A French philosopher named Jacques Derrida argued that human beings are consistently too late to catch the beginning of anything and too early to catch the end. So, that leaves us in the middle – always in the middle. In other words, the past is in the past and the future hasn’t happened yet, and so we’re always living in the present.
The funny thing about our minds and the way we think is that we can physically exist in the present while living mentally entirely in the past (e.g., lost in recollections of good and/or bad memories) or future (e.g., looking forward to when a problem will resolve or fearing when something might go wrong). Most people tend to gravitate more towards past-thinking or future-thinking.
Do either of these sound like you?
- Past-Thinker – A past-thinker tends to either reminisce about good times that once happened or finds themselves lost in the memory of bad experiences (with bad feelings). Sometimes a past-thinker will focus on past events and wonder about “what-ifs” (e.g., what if I said this or did that?). Regardless, when we’re living in the past, we’re rejecting the present and missing out on opportunities for fulfillment and healing around us now.
- Future–Thinker – A future-thinker tends to dread something that will happen, worry about something that might happen, or fantasize about something that could happen. Again, the problem here is that none of these things have happened, and so they are impossible scenarios to prepare for. When we lose ourselves to thinking about the future, we again reject the present moment and miss out on the opportunities for fulfillment around us.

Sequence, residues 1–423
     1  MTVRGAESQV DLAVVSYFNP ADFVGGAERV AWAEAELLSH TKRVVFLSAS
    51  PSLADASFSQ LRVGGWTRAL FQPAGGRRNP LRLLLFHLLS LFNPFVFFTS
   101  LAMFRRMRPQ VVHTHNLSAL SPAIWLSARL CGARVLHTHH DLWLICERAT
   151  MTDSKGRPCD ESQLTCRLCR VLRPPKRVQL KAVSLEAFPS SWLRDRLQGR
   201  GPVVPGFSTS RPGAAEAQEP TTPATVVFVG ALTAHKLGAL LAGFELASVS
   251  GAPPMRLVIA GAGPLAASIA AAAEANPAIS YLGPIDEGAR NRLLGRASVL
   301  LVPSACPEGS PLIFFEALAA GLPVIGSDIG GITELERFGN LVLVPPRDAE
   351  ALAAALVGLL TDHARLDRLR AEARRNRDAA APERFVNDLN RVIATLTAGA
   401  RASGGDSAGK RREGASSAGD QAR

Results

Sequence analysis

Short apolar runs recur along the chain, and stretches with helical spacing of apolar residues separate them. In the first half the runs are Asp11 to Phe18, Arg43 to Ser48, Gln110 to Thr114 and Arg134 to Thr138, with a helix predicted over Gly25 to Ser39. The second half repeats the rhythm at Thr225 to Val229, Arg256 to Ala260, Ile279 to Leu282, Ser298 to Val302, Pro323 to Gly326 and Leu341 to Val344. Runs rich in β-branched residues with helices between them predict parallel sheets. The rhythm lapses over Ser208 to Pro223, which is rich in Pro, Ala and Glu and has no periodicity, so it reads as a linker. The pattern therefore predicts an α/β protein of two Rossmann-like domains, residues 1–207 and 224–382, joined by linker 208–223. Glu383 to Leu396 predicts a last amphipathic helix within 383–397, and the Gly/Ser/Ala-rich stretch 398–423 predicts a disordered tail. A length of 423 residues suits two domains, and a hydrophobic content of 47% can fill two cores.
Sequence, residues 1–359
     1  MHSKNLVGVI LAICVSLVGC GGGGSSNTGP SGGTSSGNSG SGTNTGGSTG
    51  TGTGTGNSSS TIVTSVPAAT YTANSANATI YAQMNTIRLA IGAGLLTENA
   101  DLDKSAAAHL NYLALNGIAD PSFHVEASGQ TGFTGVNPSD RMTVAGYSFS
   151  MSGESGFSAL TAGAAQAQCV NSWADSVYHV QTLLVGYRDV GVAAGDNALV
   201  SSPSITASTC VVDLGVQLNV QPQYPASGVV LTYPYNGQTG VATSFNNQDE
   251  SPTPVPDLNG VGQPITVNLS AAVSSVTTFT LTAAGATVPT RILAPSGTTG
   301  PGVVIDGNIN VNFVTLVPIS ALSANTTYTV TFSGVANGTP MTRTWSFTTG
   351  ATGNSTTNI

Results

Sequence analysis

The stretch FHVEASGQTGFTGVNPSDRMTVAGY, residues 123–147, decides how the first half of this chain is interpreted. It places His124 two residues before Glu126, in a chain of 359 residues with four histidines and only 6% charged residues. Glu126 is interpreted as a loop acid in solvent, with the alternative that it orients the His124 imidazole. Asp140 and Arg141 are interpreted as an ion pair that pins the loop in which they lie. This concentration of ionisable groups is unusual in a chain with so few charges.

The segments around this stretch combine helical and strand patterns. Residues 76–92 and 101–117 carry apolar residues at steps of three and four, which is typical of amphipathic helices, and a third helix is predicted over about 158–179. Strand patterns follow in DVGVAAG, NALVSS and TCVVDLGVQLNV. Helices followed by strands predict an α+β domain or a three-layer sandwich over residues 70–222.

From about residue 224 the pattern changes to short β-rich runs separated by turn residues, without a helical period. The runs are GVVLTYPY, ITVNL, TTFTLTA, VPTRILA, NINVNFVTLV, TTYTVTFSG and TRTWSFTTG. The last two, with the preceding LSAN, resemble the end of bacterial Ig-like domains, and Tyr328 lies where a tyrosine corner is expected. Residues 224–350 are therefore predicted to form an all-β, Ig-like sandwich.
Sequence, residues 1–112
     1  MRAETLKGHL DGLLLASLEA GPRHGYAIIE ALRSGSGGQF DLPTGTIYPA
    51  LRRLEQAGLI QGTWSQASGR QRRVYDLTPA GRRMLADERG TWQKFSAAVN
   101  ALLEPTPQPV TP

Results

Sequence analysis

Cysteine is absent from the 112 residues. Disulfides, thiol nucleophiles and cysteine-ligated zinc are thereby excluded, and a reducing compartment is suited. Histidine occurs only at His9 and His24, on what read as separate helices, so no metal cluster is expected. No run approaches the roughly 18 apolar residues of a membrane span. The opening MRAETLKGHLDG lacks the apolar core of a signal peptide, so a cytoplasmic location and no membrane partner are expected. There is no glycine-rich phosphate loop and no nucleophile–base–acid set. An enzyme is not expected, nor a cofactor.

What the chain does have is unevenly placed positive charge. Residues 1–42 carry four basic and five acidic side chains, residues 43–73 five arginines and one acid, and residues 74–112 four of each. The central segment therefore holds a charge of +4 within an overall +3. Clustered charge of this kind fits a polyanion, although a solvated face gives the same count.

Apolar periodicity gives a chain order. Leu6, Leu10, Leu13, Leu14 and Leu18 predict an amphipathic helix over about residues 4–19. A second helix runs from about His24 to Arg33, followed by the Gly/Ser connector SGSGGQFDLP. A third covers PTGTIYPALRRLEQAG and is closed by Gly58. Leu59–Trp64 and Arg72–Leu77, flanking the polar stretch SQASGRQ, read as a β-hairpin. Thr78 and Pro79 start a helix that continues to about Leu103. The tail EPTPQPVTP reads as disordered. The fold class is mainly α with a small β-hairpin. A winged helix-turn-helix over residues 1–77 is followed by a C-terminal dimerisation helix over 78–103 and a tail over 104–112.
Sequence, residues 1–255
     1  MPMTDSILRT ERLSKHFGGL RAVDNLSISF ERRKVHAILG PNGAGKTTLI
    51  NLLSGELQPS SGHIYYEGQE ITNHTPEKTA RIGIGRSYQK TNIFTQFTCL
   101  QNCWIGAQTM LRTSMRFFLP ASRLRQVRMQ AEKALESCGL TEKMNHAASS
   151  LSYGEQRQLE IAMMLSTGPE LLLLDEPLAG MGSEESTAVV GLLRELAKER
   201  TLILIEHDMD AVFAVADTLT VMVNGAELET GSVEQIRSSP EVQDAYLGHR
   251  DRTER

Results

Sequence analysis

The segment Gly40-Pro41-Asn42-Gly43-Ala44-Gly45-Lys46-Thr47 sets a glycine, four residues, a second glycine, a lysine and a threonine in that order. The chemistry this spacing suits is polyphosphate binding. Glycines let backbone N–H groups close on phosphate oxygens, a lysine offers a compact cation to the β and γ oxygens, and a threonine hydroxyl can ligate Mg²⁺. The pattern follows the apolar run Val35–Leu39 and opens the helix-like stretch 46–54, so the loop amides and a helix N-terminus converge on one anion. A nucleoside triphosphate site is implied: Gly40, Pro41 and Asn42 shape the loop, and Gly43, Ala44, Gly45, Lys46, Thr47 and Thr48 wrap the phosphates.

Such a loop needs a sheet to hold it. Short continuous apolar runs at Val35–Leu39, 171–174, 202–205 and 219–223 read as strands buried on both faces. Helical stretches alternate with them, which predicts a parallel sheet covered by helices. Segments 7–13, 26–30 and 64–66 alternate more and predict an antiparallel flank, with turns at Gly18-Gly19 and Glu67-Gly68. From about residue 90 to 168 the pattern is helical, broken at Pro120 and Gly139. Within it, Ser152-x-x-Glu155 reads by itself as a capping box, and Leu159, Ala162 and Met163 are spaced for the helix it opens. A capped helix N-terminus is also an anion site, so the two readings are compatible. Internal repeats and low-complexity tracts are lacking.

Whether we’re a past-thinker or a future-thinker (or a combination of the two), our brains and bodies can’t always tell the difference between something imagined and something real. For past-thinkers, if we imagine something really scary or upsetting from before, we’ll find ourselves in the present moment re-experiencing those hurtful feelings now (scared, sad, angry). For future-thinkers, if we imagine something scary coming up soon (e.g., a job interview, a presentation, a blind date), our bodies will begin to respond now to anxiety we might feel in the future. In either case, our blood pressure might begin to rise, our brains might release stress-chemicals like cortisol, and sometimes our nervous systems can even activate a fight-or-flight response!
Thankfully, if we stay in the present moment, we are OK. In the present moment, we are not only safe and far away from anything that happened in the past, and we are also a safe distance from anything that hasn’t yet happened. So, regardless of whether you’re a past-thinker or a future-thinker, I want you to pay attention to what is going on around you right now.
Let’s try an experiment together:
First, on a scale of 1-10, with 1 being as low as possible and 10 being as high as possible, how anxious do you feel? How sad do you feel? How angry do you feel? If you’re feeling a different emotion, feel free to give that feeling a number as well. If you want, write those numbers down on a scrap piece of paper. Next, I want you to read the following paragraph slowly to understand what we’re going to try. Then, if you’d like, we can try it!